I played in my second Brent Hambrick Memorial Open this year. I have to start by saying that Paul Jay and the rest of the staff did a fantastic job with the tournament. Everything they did was top notch, and it was a great example of how a tournament should be run. It was great from the check in through the awards ceremony. The courses were in fantastic shape, the players party was a blast (food was amazing and you can't not love inexpensive alcohol).
Congratulations is in order for Brad Schick who is a stand up guy to play a round of golf with, and a stand up guy in general. Winning the Brent Hambrick Memorial Open after making the final nine for the first time last year, and taking second by a stroke. The atmosphere through the crowd was electric as we all anticipated a playoff between Orrick and Schick, but when Orrick missed for the first time all day on the 18th hole and Schick made his drop in the crowd exploded. Schick threw a putter tomahawk in celebration further than I've seen a putter tomahawk fly. Amazing. Congratulations Schick, you deserve it.
On to less important things...
I started out my tournament pretty badly. I took a pair of 6's on some of the harder holes of the course, back to back. Holes 13 and 14. The rest of the way on the Hambrick course I would go even. I would finish that round at a 6-over 87, and then the third round I would come in with an even-par 81. I really just had some issues with nerves. The fun part is that if you look at it, I missed cashing by six strokes. I can make excuses all I want, especially concerning the fact that I am really an admitted horrible bad weather player. You compare day one when the weather was horrible and day two where it was nice out and the ratings difference is striking.
But the fact is, I really wasn't prepared mentally for the charged feeling of teeing off at a national tour event on a card of 990+ players. I started off by overthrowing my first shot of the tournament, the drive on the next hole went into the woods as a grip lock. But I'm happy overall with how I played. I recovered well from those mistakes. I went into the second round, a wind filled torture-test, feeling great about how I held up overall. And really, for 14 holes of the first round I was in good shape. And then came the rains.
We went through a pair of rain delays leading up to my finally playing hole 4. After witnessing the first guy on my card tee off and slip, the next guy screw up a stand still shot... I decided to try a very slow and controlled step up into my throw. Naturally my plant foot came out from under me. I wound up in the water on the hole and took a circle 6. I was 2 under going into the hole. Walking up to the next hole I witnessed two guys on the next card slip. The next day many ams would complain about that same hole being a mud slick. I would also slip and wind up with a 5 on hole 6. Again I had a round where I felt like I played well, and it wound up looking like I played horribly. Rounds 1 and 2 would be rated 966 and 970.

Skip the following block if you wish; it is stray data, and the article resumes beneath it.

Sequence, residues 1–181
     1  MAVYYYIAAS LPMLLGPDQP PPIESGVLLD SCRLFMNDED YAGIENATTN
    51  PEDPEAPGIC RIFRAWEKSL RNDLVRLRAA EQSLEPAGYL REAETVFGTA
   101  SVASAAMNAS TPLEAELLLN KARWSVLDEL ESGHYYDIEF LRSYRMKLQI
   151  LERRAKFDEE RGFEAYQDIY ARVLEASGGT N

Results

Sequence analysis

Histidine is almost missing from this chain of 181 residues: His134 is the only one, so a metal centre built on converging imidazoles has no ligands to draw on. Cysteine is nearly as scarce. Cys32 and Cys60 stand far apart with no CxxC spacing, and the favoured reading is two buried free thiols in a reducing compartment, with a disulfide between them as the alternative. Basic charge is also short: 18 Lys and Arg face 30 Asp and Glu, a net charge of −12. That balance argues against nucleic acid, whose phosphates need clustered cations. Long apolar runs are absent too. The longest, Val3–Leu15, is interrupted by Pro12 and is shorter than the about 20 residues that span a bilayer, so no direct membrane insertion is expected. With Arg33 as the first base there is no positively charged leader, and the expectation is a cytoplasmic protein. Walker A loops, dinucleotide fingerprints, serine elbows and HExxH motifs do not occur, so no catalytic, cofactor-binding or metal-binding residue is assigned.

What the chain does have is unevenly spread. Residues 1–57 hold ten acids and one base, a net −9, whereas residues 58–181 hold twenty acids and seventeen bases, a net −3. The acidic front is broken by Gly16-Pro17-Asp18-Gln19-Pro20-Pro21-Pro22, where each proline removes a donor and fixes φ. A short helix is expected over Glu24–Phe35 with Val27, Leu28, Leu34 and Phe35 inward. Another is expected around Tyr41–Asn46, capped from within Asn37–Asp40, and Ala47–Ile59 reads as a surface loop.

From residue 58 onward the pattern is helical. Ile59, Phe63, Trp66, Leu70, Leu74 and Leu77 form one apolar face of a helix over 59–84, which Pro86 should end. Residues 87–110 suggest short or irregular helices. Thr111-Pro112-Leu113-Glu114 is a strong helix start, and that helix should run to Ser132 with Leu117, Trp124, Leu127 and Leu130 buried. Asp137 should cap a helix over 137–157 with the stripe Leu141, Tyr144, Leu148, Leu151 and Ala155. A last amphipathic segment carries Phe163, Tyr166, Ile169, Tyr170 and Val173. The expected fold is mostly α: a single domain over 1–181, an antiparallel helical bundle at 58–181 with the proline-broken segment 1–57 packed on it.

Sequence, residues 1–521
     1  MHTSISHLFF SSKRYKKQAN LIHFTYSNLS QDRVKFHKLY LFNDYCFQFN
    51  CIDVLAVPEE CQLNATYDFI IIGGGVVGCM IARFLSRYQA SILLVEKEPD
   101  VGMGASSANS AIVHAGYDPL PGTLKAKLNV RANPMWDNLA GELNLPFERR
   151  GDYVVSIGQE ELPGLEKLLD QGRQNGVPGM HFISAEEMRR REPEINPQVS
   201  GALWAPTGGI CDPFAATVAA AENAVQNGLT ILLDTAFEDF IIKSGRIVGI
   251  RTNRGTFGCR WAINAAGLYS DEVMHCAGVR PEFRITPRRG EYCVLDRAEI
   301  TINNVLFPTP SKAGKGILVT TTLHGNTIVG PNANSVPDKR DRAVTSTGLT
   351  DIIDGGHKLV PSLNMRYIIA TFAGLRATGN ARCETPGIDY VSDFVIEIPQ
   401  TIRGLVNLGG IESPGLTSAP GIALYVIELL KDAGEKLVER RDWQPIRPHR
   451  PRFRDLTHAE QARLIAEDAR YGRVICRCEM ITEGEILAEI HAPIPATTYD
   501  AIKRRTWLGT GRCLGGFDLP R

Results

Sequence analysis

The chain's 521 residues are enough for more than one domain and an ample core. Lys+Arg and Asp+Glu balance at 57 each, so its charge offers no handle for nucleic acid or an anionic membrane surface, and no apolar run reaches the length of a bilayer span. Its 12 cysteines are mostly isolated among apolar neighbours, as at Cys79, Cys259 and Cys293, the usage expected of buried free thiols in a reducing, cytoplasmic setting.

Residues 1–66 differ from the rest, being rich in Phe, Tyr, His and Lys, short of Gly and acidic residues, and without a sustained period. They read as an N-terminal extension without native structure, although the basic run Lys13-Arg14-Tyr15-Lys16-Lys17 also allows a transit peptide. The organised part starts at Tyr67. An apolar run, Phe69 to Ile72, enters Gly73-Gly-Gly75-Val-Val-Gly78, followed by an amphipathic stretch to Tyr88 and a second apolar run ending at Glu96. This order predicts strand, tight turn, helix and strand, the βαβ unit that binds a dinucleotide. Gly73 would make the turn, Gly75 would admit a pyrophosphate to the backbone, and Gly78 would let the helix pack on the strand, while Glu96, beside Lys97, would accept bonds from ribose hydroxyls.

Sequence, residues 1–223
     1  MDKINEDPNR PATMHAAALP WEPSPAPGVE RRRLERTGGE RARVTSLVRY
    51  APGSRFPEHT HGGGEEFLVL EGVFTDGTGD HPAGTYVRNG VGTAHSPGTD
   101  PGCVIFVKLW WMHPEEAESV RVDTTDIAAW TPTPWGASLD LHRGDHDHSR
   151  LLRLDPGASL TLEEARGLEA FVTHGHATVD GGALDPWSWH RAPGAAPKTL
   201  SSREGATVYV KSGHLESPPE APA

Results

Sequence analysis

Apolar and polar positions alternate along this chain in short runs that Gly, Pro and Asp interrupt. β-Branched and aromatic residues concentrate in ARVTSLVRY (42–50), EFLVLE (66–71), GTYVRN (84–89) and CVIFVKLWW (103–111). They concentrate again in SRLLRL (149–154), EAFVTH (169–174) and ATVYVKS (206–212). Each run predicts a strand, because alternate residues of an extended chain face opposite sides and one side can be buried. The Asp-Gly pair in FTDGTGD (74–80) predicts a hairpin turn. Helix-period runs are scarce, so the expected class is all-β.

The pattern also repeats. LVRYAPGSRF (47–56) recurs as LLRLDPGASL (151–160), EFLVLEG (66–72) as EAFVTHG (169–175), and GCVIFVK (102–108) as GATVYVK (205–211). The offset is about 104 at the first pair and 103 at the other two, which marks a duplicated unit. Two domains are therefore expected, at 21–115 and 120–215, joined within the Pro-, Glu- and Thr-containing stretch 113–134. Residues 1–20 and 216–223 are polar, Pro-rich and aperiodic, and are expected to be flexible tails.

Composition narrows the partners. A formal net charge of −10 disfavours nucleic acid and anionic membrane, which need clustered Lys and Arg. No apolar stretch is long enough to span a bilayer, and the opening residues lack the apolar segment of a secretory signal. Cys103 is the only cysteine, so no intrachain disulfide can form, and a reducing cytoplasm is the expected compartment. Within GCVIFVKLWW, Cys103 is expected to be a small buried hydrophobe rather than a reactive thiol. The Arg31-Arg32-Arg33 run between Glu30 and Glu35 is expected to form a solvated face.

Round 3 was a different story. Where day 1 there were some issues with my nerves and footing, but no issues on the green... day 2 would be a different story. I had a solid start off the pad but missed a lot of birdie putts over the first 18 holes. Going into hole 16 I was sitting at 3 over par. Off the teepad I threw deep into a copse of short pines to the left. Setting myself up for the shot out toward the pin, about 220 out, I joked with the guys on my card, "Coming out... I hope." Had a laugh and ripped off a perfect thumber, sneaking through a gap in the boughs and parking the hole. Dropping in the par I looked at Marcus Ranii-Dropcho (a very talented 15 year old kid, smooth off the pad but doesn't seem confident in his long putting game yet) and joked "Sometimes I like to pretend I know what I'm doing out here."
After parring 17 and 18 we'd get to the front 9, which is bird run for me. I would get through 1-4 without a mistake, including big par saves on 2 and 4. Hole 5 I'd park, hole 6 I'd hit a 30 footer, and then finishing on hole 9 I'd pin it and drop in for the deuce giving me an 81. Definitely the sort of finish you need to feel good about your game after a grueling tournament where you miss cash.
A quick shout out to all the great people I met at the event: Al Amato, Ryan Reid, Marcus Ranii-Dropcho, Aaron Walders, Biggie Cassidy, David Cox... all incredibly cool golfers I had the pleasure of golfing with during the event.
Another one to Jimmy "oh YEAH" Bates who tore up the Advanced Division, starting the event off with a personal best 1038 rated round on the Westside Course. Way to tear it up Jiminy.